A riveting noise rock outfit from New York by the name “White Suns” delivered a cochlea-crushing performance at Art House on Friday night. On last year’s Sinews LP, White Suns meshed hardcore punk vocals with an all-out assault of distorted guitar, blast beats, and screeching feedback loops. The album takes White Suns’ atonality and abrasiveness to a new level; it’s demanding, and definitely not an accessible entry point to the (albeit very broadly-defined) genre of noise rock. Devoid of the engaging riffs employed by rockier-bands like Sonic Youth and Japandroids, White Suns fall far more towards the “noise” side of the genre’s spectrum. At Art House on Friday night, I found this to be truer than ever.
In fact, it took only seconds of White Sun’s first song for me to ditch “noise rock” as an applicable descriptor. The “rock” was gone; this was noise. Originally a guitar-guitar-drums/electronics outfit, White Suns was now stripped down to “guitar”-electronics. For comparison: old versus new White Suns. Their setup consisted of a two tables laden with effects pedals, a Tycho Hot Lixx Guitar, and a circuit bending contraption made of plywood and wires.
Their guitarist/vocalist Rick Visser is on hiatus, prompting the group’s shift farther into the experimental recesses of noise rock’s noise. Kevin Barry and former drummer Dana Matthiesen, remained hunched over their electronics, twisting and stretching sound to its breaking point.
Consisting of all new, largely improvisational material, White Suns’ set was two approximately ten-minute long pieces.
White Suns shook Art House, and probably scared Light House, with an absence of melody and rhythm that left me without an immediate way to engage with their music.
Screamed, inaudible vocals appeared intermittently as rare moments of recognizable sound. Otherwise, I resorted to associating. Thus, I found a giant machine crushing boulders in my ears, its mechanical screeches and buzzes hovering around the thunderous explosion of rocks under enormous pressure. Muffled, metallic clangs nudged up against these sonic abrasions while searing guitar-esque streaks swelled and diminished. These associations let me access (and, thankfully, articulate) the wall of sound that I found impervious at first. For the remainder of the set, I simply heard and felt. Despite the absence of any urge to tap my foot, sway, or even look at the White Suns as they performed, I found them surprisingly engaging. The brevity of their set worked to their advantage, as their sound never seemed to lose its relevancy. While noise-oriented groups like Fuck Buttons develop their compositions with extensive repetition, White Suns’ reliance on improvisation gave their sound a fluidity that, despite its initial inaccessibility, was thoroughly engrossing.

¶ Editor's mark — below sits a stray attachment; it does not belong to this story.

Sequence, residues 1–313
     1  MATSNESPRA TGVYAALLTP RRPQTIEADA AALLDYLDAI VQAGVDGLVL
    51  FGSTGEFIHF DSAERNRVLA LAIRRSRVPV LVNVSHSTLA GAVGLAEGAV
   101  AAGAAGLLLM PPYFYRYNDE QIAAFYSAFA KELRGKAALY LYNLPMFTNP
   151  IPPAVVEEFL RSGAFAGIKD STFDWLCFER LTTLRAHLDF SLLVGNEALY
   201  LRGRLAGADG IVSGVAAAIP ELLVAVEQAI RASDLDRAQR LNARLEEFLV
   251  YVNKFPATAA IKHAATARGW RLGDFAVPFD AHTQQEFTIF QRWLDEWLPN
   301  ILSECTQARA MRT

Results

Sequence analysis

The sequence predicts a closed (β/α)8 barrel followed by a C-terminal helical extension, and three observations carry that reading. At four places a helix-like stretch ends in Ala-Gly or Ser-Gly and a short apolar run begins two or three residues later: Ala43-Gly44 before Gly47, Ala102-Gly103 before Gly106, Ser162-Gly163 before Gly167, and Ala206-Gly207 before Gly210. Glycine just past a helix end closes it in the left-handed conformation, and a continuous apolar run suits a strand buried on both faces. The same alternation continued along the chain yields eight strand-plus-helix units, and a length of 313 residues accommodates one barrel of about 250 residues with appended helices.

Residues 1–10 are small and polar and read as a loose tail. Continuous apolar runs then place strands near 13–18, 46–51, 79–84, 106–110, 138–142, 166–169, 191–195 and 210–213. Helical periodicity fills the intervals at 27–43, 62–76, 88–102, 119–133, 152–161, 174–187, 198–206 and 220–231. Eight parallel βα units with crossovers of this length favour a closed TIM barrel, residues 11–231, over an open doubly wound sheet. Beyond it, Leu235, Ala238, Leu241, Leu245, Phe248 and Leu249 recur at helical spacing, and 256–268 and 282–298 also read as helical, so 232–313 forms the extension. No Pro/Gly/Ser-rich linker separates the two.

While discussing the show with some of the twelve or so other attendees, I realized that my decision to wear earplugs had insulated me from the catharsis inherent in White Suns’ strain of noise music. Piercing screeches and seismic rumbles elicited flinches in those around me, while I was unaffected. Concertgoer J.C. eloquently described his experience in metaphor:
"So I’m sitting there eating a pretzel, one of the big ones with lots of salt, there’s a little bit of spicy mustard on it, you know. All of a sudden I see this glacier coming, it starts getting really close. The pressure starts really building up, no big deal, getting a little bit cold. Then, the salt does that thing where it reacts with the ice and burns my lips and really hurts. But then it’s really cold so it’s ok. But then I, uh, get lost in the glacier."
The invasive physicality of White Suns’ sound contributes to the way that their music exists outside of itself. Ones listening experience relies as much on the sound itself as it does on ones personal reaction and the self-dialogue it creates. White Suns punches you in the face, and then makes you wonder why.